Putana  

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Train wreck at Montparnasse (October 22, 1895) by Studio Lévy and Sons.
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Train wreck at Montparnasse (October 22, 1895) by Studio Lévy and Sons.

In Hindu mythology, Putana (Sanskrit: Pūtanā, lit. "putrefaction") is a Rakshasi (demoness), who is killed by the infant-god Krishna. Putana is also considered as a foster-mother of Krishna as she breast-fed him, though it was with the motive of killing Krishna by poisoned milk. By offering her milk, Putana had performed "the supreme act of maternal devotion", in the shadow of her evil motives. The myth is told and retold in Hindu scriptures and some Indian books, which portray her variously as an evil hag or a demoness who surrendered herself to Krishna, though she initially came with evil motives.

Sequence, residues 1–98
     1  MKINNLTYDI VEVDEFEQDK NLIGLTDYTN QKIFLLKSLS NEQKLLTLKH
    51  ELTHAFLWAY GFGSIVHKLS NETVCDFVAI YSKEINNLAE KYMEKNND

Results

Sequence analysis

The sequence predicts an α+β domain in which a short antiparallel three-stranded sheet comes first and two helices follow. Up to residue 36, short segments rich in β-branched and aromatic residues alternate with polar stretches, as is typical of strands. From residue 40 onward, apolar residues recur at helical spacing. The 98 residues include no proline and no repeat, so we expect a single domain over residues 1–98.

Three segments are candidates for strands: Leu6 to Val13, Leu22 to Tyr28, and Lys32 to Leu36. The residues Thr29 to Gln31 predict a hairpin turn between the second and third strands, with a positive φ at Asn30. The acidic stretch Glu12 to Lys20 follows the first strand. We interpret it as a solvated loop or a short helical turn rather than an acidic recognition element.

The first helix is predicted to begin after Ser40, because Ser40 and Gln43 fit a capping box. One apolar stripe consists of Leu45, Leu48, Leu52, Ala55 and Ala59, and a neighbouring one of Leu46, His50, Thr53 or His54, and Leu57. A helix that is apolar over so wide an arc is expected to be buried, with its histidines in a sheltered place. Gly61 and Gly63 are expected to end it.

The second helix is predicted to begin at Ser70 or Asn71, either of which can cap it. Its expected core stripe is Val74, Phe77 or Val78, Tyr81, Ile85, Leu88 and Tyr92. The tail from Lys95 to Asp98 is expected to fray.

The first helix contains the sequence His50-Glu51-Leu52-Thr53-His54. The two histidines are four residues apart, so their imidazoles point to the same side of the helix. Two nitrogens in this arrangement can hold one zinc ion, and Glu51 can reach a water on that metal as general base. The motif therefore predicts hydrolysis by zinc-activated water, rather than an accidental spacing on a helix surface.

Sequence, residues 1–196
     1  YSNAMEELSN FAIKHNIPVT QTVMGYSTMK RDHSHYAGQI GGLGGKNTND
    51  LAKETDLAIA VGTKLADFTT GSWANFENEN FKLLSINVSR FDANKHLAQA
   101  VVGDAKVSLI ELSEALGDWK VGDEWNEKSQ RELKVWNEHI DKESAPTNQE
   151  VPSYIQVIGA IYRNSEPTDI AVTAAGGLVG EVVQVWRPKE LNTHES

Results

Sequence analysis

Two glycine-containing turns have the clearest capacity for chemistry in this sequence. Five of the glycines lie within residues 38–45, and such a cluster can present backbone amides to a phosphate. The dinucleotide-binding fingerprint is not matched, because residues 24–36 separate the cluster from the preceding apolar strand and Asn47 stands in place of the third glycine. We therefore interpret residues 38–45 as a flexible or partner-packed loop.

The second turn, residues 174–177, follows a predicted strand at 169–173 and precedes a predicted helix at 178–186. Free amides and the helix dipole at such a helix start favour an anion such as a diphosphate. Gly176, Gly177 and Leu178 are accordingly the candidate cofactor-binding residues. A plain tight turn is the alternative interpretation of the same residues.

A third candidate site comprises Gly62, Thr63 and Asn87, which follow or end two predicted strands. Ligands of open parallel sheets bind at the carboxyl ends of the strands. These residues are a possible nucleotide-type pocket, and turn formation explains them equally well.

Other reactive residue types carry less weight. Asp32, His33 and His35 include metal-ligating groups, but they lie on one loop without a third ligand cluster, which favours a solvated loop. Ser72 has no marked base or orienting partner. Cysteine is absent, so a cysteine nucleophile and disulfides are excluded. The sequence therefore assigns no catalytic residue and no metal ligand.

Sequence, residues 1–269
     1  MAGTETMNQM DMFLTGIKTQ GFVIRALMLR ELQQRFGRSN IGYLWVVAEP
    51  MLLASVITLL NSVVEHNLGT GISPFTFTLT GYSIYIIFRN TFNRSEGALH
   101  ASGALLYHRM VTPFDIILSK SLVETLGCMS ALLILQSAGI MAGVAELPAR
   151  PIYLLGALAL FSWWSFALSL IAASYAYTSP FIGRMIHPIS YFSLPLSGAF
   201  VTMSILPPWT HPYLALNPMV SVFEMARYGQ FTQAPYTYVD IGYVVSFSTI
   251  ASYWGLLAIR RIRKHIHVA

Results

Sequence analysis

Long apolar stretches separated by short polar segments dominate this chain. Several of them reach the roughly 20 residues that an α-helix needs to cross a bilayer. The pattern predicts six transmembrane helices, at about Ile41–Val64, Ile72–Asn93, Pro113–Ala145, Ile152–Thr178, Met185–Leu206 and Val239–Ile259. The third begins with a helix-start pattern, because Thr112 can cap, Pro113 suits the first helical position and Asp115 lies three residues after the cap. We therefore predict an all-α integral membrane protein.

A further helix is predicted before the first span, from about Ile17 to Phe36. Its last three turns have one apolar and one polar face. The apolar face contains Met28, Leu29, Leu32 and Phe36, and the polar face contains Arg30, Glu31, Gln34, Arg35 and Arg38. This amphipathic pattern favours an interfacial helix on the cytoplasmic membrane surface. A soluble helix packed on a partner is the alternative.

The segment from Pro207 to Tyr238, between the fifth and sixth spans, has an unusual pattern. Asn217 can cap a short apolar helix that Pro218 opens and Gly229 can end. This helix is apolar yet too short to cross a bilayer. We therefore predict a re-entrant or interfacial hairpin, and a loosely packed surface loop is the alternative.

Putana is interpreted as an infantile disease or bird, symbolizing danger to an infant or desire respectively, and even as a symbolic bad mother. She is included in a group of malevolent Hindu mother goddesses called the Matrikas and also in the group of Yoginis and Grahinis (Seizers). Ancient Indian medical texts prescribe her worship to protect children from diseases. A group of multiple Putanas is mentioned in ancient Indian texts.




Unless indicated otherwise, the text in this article is either based on Wikipedia article "Putana" or another language Wikipedia page thereof used under the terms of the GNU Free Documentation License; or on original research by Jahsonic and friends. See Art and Popular Culture's copyright notice.

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